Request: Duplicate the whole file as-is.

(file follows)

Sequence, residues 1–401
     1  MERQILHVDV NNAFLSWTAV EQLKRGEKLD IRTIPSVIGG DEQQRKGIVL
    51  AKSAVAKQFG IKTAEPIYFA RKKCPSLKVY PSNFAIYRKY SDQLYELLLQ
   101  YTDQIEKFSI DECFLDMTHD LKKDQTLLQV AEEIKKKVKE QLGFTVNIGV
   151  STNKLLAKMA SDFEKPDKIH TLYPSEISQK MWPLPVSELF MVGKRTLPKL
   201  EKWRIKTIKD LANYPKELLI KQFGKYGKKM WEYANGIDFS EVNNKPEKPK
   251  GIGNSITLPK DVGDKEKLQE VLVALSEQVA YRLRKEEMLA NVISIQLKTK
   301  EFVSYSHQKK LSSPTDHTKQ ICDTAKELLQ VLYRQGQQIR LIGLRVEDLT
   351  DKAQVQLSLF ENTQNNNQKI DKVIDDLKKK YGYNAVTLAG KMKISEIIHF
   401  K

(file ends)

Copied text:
Sequence, residues 1–401
     1  MERQILHVDV NNAFLSWTAV EQLKRGEKLD IRTIPSVIGG DEQQRKGIVL
    51  AKSAVAKQFG IKTAEPIYFA RKKCPSLKVY PSNFAIYRKY SDQLYELLLQ
   101  YTDQIEKFSI DECFLDMTHD LKKDQTLLQV AEEIKKKVKE QLGFTVNIGV
   151  STNKLLAKMA SDFEKPDKIH TLYPSEISQK MWPLPVSELF MVGKRTLPKL
   201  EKWRIKTIKD LANYPKELLI KQFGKYGKKM WEYANGIDFS EVNNKPEKPK
   251  GIGNSITLPK DVGDKEKLQE VLVALSEQVA YRLRKEEMLA NVISIQLKTK
   301  EFVSYSHQKK LSSPTDHTKQ ICDTAKELLQ VLYRQGQQIR LIGLRVEDLT
   351  DKAQVQLSLF ENTQNNNQKI DKVIDDLKKK YGYNAVTLAG KMKISEIIHF
   401  K